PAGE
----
How far is too far? Policy can not be about what looks good on your voting card but the issues and how to solve them. Even if you’re an anti-gay-marriage anti-immigrant Republican but somehow you’re for protecting the rights of women against violence, (first, you have to establish for yourself that it’s okay for rape victims to be forced to keep a baby, but once you get over that hump…), you don’t want new people coming into this country because it’s ‘your’ country. (You, presumably white, because your Republican, and in this case, most likely male). We are too lax on immigration, goes the reasoning, and therefore spread too thin financially and not able to control crime. Immigration means losing control of an American idealogue illusion. Internal logic understood. Fear driven, false, but understood as a rationale.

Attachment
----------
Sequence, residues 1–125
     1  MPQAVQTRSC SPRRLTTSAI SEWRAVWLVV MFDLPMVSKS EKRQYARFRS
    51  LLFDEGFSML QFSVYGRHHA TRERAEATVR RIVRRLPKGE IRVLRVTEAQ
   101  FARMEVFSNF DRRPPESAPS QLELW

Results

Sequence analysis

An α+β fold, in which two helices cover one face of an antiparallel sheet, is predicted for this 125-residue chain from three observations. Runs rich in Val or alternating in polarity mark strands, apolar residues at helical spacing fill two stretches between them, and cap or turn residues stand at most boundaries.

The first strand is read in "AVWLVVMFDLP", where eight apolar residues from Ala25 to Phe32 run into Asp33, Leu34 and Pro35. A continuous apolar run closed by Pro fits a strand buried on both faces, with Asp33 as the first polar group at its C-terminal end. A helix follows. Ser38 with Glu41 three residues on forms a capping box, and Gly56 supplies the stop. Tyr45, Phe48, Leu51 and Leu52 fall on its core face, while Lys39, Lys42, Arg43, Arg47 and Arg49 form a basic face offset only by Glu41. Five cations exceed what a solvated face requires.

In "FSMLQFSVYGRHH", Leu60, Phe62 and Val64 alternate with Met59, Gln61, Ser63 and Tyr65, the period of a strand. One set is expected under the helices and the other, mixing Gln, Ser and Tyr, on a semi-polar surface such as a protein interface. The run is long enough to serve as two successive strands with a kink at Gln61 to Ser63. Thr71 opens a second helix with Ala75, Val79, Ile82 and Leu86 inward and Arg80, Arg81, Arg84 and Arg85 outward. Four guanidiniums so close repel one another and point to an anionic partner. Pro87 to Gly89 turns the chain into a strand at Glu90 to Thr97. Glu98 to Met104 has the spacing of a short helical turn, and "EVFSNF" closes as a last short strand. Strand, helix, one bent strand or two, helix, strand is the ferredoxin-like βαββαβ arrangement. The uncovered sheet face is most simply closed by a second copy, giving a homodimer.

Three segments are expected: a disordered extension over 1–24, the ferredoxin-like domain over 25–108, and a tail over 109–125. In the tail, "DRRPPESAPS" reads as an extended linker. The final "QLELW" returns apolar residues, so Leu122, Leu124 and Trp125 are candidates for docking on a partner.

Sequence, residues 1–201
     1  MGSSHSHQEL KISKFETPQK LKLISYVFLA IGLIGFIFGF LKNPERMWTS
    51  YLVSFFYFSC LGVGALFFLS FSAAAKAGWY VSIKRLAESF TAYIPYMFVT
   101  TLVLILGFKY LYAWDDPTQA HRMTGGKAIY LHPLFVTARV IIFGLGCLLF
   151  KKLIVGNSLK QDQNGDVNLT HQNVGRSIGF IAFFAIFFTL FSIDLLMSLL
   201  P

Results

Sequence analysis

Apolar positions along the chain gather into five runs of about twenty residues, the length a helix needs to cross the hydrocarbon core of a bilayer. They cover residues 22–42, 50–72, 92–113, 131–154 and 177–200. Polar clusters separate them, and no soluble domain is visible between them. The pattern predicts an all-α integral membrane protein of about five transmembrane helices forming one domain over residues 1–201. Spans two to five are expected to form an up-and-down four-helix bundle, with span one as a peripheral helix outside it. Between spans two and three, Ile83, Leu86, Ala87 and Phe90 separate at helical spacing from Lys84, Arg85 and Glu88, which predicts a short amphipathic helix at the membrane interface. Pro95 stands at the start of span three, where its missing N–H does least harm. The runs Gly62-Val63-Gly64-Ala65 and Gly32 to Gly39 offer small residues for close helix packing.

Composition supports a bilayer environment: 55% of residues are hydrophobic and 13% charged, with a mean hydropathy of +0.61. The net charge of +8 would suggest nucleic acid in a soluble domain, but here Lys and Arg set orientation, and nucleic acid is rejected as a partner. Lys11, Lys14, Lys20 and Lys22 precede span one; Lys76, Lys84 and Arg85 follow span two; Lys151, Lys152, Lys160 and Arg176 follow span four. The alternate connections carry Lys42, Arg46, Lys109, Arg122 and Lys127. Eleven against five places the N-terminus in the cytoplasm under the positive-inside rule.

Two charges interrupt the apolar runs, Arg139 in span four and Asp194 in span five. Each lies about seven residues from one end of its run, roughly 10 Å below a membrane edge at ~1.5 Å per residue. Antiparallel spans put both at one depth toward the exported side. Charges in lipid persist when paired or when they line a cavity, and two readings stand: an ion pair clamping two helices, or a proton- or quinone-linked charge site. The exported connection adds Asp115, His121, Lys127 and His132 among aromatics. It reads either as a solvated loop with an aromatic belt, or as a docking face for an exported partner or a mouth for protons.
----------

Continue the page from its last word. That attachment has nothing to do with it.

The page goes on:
With your anti-immigration stance, you can consider yourself not hateful, not evil, merely protecting the space around you as you don’t think there is enough land to go around. You’re afraid. You’re losing job security, maybe your home, and definitely your sense of security in the American dream of middle class prosperity. You’re holding tight to your values which are based on a 20th century construct heavily rooted in materialism and defined by unabated growth. It’s not working out for you. (Hell, it’s not working out for anyone else either other than the 1% but you can’t, you won’t, move on to the 21st century.)